I’m beginning to doubt myself. Maybe I should have come at a busier time when I’m less likely to stand out. Anyone swimming at this time of the morning is going to be noticeable. But again, that stubbornness prevails.

I undress – I’m wearing my swimsuit beneath my clothes – set my eyes firmly on the sea and begin walking towards the water. The sea is cold at this time of the morning, unwarmed by the weak early morning sun.

I’m not someone who dallies around trying to warm up step by little step. My reasoning is that I’m going to get into the water anyway so why prolong the agony? I walk determinedly on.

When the water is above my waist I immerse myself under the waves and start swimming. It’s gasp-inducingly cold at first but after a few minutes, I warm up and start to enjoy myself.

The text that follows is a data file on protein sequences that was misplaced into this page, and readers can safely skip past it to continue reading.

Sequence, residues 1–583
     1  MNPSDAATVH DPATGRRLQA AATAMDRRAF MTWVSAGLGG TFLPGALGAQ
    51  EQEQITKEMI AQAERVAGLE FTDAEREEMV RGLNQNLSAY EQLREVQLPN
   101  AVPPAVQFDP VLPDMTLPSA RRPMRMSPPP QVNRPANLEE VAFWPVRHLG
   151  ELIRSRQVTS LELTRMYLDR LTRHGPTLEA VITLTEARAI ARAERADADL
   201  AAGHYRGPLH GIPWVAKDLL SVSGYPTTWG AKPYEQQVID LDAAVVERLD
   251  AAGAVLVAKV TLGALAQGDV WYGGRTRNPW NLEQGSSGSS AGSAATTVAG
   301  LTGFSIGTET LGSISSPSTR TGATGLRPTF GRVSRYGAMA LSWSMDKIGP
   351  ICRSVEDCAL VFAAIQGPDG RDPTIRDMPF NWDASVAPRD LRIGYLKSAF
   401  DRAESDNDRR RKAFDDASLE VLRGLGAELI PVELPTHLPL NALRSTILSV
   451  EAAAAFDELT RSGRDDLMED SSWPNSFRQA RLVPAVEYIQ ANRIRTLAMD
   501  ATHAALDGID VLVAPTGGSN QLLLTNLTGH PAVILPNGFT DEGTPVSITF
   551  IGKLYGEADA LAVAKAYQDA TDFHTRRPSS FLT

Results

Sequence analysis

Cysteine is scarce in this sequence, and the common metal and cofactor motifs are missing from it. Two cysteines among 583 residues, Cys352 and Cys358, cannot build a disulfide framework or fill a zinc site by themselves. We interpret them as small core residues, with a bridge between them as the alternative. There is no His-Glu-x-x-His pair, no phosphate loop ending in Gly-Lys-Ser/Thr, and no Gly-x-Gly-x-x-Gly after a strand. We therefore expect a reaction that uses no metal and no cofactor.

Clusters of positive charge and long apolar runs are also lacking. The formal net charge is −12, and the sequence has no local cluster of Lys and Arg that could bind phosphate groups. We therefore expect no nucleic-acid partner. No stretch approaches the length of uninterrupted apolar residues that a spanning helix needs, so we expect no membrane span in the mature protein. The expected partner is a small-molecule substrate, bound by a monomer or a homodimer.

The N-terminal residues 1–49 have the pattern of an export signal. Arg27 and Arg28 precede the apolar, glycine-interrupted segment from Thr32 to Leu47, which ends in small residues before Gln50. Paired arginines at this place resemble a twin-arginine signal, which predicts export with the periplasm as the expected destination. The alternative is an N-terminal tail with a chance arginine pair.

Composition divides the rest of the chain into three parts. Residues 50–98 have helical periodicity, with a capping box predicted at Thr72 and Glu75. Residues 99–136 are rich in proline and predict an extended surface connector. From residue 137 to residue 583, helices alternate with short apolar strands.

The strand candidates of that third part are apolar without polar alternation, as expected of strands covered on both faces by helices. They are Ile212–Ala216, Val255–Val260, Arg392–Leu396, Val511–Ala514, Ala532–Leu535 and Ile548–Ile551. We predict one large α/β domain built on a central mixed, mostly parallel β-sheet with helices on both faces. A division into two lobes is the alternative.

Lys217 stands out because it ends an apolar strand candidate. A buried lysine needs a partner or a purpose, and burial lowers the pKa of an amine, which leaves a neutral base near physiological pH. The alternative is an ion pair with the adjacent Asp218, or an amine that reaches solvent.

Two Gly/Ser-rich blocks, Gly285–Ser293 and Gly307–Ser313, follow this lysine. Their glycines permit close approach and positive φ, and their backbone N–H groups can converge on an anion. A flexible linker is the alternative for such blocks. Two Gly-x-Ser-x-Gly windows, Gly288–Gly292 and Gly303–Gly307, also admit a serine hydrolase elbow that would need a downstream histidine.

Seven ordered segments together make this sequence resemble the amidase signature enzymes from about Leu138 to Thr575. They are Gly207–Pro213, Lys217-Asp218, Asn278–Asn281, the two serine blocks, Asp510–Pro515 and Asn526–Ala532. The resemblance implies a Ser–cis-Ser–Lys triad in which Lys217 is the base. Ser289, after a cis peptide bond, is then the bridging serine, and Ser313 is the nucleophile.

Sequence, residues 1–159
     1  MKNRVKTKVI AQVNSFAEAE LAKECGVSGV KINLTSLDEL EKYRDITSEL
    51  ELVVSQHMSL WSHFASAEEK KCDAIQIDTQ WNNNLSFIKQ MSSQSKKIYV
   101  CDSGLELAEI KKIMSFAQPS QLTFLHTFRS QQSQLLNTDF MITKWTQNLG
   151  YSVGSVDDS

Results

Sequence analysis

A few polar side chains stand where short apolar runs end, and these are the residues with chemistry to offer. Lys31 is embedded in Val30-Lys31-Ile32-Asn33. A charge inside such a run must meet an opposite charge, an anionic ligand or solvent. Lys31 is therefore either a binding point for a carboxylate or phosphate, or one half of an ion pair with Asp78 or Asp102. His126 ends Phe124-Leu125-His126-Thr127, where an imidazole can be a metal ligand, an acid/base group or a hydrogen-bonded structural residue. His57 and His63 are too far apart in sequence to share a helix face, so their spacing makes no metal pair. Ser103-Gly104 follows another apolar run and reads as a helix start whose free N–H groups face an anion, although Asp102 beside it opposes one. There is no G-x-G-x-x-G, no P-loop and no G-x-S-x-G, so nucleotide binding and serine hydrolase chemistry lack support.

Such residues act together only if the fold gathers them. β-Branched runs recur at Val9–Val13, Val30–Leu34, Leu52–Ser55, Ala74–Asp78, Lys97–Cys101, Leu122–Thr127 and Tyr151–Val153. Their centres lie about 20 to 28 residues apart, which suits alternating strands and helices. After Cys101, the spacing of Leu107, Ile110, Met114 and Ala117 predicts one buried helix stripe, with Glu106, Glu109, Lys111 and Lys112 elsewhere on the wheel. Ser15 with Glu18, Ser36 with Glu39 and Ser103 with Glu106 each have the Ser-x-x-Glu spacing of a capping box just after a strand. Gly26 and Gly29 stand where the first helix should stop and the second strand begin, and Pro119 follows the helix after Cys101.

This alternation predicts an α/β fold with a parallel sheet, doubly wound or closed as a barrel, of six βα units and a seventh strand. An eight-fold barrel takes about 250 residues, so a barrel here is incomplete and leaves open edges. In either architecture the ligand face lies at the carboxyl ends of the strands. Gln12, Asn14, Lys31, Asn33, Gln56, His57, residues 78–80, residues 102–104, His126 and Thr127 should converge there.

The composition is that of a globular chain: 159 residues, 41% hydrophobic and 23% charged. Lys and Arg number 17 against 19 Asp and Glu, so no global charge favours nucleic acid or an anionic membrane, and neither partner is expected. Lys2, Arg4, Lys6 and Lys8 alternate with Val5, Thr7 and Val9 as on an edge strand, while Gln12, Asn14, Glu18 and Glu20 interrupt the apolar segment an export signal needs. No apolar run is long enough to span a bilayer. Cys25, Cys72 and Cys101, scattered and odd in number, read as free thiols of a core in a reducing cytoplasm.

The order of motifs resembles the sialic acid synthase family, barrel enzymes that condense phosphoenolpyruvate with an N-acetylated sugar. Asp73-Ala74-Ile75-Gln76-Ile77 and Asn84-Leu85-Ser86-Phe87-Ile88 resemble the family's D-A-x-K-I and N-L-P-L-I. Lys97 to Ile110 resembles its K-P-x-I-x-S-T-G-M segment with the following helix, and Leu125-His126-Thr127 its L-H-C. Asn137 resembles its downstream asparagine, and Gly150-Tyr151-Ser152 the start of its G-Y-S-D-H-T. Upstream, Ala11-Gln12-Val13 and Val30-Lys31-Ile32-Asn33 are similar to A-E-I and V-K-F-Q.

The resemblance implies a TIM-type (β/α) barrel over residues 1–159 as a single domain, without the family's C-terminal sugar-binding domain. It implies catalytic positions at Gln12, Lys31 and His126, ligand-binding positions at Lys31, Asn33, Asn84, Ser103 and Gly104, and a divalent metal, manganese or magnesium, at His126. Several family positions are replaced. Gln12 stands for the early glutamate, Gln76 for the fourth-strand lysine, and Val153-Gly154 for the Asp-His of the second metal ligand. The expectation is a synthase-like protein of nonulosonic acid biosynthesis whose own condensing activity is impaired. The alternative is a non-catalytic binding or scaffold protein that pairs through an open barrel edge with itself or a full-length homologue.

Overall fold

There’s something magical about being in the saltwater. I float there, head back, looking up at the blue sky above me watching the odd seagull pass overheard. It’s magical and, for a time, I forget all about this troublesome body that I occupy. I am no longer a prisoner of my own flesh but free like the gulls and terns above. 

In her review of Bonnie Tsui’s Why We Swim in the Washington Post, Alice Stephens describes it perfectly: Free from gravity. Free from clothes and all the material trappings of daily life. Free from earthbound clumsiness. Free from external stimuli. Like the Who’s Tommy, I am deaf, dumb, and blind to everything but the watery environs and the unbridled flow of my subconscious.

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Later, as I’m drying myself, a woman out for walk stops and asks me, “Did you go in? How was the water?”

“Cold at first,” I say, “but lovely.”  

“Good woman yourself,” she says and walks on.


About the author:

Aoife Martin